A massive hoo-ha erupted over the English Defence League’s (EDL) plan to march in Bradford on 28 August.
Various so-called anti-fascist (UAF) groups proposed an opposing march. The vast majority of Bradford’s citizenry wanted to get on with their lives, unencumbered by the pointless posturing.
West Yorkshire Police demanded of the Metropolitan City Council that it apply for a ban on marches that weekend. The council duly complied and the Home Secretary granted the request.
In the event, about 250 EDL and about the same number of UAF demonstrators turned up to hurl insults and a few rocks from the “Wastefield” site in the city centre, separated by 1600 police from 13 police forces. A few more “peace people” fumbled about with a little festival (?) as if we’d time-warped back to the 1960s.
So who gained from this game of charades? The EDL and UAF were exposed for the poseurs they are; the peace people had a nice day, the majority of Bradford’s half a million souls ignored it all but couldn’t reach what shops are left in the centre of the city, and the football club lost thousands of pounds because the scheduled match was moved to Friday night by the police.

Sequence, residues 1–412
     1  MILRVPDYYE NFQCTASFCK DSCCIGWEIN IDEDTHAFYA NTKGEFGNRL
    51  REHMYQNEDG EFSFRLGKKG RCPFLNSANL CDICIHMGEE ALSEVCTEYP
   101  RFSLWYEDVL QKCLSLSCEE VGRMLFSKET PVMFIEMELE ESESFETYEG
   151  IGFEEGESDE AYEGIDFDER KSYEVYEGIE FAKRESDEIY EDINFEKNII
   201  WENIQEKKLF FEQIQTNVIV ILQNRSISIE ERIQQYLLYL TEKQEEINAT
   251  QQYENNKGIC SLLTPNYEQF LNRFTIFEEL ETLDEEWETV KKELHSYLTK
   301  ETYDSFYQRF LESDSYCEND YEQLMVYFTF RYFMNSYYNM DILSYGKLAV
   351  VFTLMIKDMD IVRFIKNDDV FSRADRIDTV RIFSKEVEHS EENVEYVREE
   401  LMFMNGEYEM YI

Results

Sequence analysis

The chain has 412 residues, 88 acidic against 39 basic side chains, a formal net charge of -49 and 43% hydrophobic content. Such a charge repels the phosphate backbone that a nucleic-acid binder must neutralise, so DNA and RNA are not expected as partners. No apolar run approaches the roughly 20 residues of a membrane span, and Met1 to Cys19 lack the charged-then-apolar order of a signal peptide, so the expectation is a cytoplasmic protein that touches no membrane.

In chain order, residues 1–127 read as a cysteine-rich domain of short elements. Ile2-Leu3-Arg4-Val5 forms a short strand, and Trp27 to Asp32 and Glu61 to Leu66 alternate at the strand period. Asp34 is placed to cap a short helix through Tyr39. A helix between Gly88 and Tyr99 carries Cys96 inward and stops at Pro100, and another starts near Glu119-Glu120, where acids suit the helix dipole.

And it was definitely the police who gained most of all. To be able to place 1600 officers and horses etc. in one city and co-ordinate their tactics was a major plus. To be able to track the people they wanted as they came in from Birmingham, Liverpool and Manchester, with the tactical support groups coming across the M62 three at a time during the morning, gave them useful know-how.
Protesting the cuts this winter? The boys in blue will be at the ready!